2 Corinthians 12:2-10
I know a man in Christ who fourteen years ago was caught up to the third heaven. Whether it was in the body or out of the body I do not know-God knows. And I know this man-whether in the body or apart from the body I do not know, but God knows-was caught up to paradise and heard inexpressible things, things that no one is permitted to tell. I will boast about a man like that, but I will not boast about myself, except about my weaknesses. Even if I should boast, I would not be a fool, because I would be speaking the truth. But I refrain, so no one will think more of me than is warranted by what I do or say, or because of these surpassingly great revelations. Therefore, in order to keep me from being conceited, I was given a thorn in my flesh, a messenger of Satan, to torment me. Three times I pleaded with the Lord to take it away from me. But He said to me, “My grace is sufficient for you, for my power is made perfect in your weakness.” Therefore, I will boast all the more gladly about my weaknesses, so that Christ’s power may rest upon me. That is why, for Christ’s sake, I delight in weaknesses, in insults, in hardships, in persecutions, in difficulties. For when I am weak, then I am strong.
Several years ago, God healed some major emotional wounds that I had been carrying around with me for almost my entire life. He sat me down in a church where I knew almost no one, and for 5 weeks, He peeled away layers of hurt, anger, and resentment that no one knew I was holding except me. Today, in that same church, He took me deeper in our journey together. The topic covered in today’s sermon was whether we are “fans” of Christ, or true, white knuckle, all-in followers. Some self evaluation was in order for me. Was I a follower? A real, dig in, fight it out, sign me up, let’s do this, follower? Or was I just a fan? One who sits on the sidelines and watches the game happen?
I’m glad to say that, for the most part, I think I can call myself a true follower, but it isn’t easy. When I’m challenged hard enough, my first instinct is total panic. I want to run for the hills. My head says to turn in my uniform and forfeit the game. It takes everything I have ever learned about God and His goodness to keep my feet on the ground and stay in the fight when things don’t look good. Recently, I had a real “fork in the road” moment, with my mother’s death. I found myself in my normal battle stance, scared, hurt, confused, wondering if the life I’ve chosen is the one I really wanted to sign up for, ready to run as fast as I could in any other direction but Home. Today, after church, James and I were discussing the sermon and talking about whether we thought ourselves to be fans or followers, and I made a joke. I told him, “God must have known what He was doing. He must have known my tendency to run. I think He made me paralyzed so I couldn’t run.” We laughed. I walked up the stairs, sat down to watch TV, and then it hit me like a brick to the gut. I’m right. He made me paralyzed so I cannot run from Him. He knows my first instinct is to jet when things get hard, and how much I have to force myself to go against my entire body and run TO Him instead. In the verse I quoted above, Paul talks about asking God for healing for his “thorn in the flesh,” and when God says no, he realizes God has left it there for a greater purpose. As long as Paul has this thorn in his flesh, he has to keep going back to God. It keeps him humble. I’ve heard all this before, but today it hit me from a different angle. When I first applied this passage to my life, I thought God was trying to tell me He did not heal me so that I could relate to the spina bifida community; so I could be one of them (us) and I would stay humble to serve and love on the children whose parents follow this crazy blog I ramble on. Today, my understanding changed. Today, He told me I still have my “thorn in the flesh” so that I cannot run; so that whenever things get too tough and I want to throw in the towel, I remember how much better it is to walk through this life WITH Him than it was WITHOUT Him. He leaves the thorn there so that I still need Him, and I remember how much I still need Him. He made me paralyzed so that I cannot run. Today, I make a rather stumbly, pretty wobbly, committment not to run anymore. I will be a true follower to the best of my ability, and when I feel the urge to train for a marathon, I’ll ask Him to bring me back. God, You didn’t make me to run. I don’t want to. Take me where You want me.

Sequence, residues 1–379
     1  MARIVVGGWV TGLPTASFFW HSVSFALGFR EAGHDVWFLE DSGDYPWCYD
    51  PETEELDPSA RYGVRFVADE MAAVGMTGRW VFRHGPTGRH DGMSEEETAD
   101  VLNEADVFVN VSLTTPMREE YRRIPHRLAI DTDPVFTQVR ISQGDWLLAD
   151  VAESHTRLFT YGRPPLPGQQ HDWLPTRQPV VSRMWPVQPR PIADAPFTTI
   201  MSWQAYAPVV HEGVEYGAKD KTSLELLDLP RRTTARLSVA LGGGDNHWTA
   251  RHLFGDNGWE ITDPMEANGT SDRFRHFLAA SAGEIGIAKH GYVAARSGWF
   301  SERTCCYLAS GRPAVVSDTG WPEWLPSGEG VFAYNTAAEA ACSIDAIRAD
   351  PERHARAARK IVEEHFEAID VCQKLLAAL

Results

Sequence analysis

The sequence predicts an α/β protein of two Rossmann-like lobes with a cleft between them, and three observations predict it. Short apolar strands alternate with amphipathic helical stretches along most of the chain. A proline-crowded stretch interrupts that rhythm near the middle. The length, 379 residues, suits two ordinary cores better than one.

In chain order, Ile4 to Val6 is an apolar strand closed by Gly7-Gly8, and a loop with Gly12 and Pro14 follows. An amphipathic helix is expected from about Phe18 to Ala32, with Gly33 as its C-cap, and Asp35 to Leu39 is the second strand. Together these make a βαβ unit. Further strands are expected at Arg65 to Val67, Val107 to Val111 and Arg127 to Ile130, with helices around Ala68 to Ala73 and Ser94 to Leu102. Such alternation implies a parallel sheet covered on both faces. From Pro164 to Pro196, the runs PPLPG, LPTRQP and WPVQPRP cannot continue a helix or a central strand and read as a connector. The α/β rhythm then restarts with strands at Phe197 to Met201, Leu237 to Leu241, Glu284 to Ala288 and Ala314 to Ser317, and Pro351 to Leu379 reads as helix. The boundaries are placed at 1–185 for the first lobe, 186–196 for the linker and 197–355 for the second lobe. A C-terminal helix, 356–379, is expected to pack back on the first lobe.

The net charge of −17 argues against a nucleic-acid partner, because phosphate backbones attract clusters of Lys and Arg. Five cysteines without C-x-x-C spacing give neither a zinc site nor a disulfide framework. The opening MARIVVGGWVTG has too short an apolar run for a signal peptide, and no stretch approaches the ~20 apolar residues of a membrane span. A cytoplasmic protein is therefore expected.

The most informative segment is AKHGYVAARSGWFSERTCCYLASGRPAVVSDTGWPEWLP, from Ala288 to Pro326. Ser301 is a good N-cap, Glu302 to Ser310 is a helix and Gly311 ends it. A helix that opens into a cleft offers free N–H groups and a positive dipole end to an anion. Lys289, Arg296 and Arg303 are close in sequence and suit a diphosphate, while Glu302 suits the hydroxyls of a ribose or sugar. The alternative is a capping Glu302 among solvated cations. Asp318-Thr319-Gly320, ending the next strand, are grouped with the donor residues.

Sometime, I’ll tell you guys about the woman I know who was caught up in heaven. Whether it was in the body or out of the body, I do not know-God knows.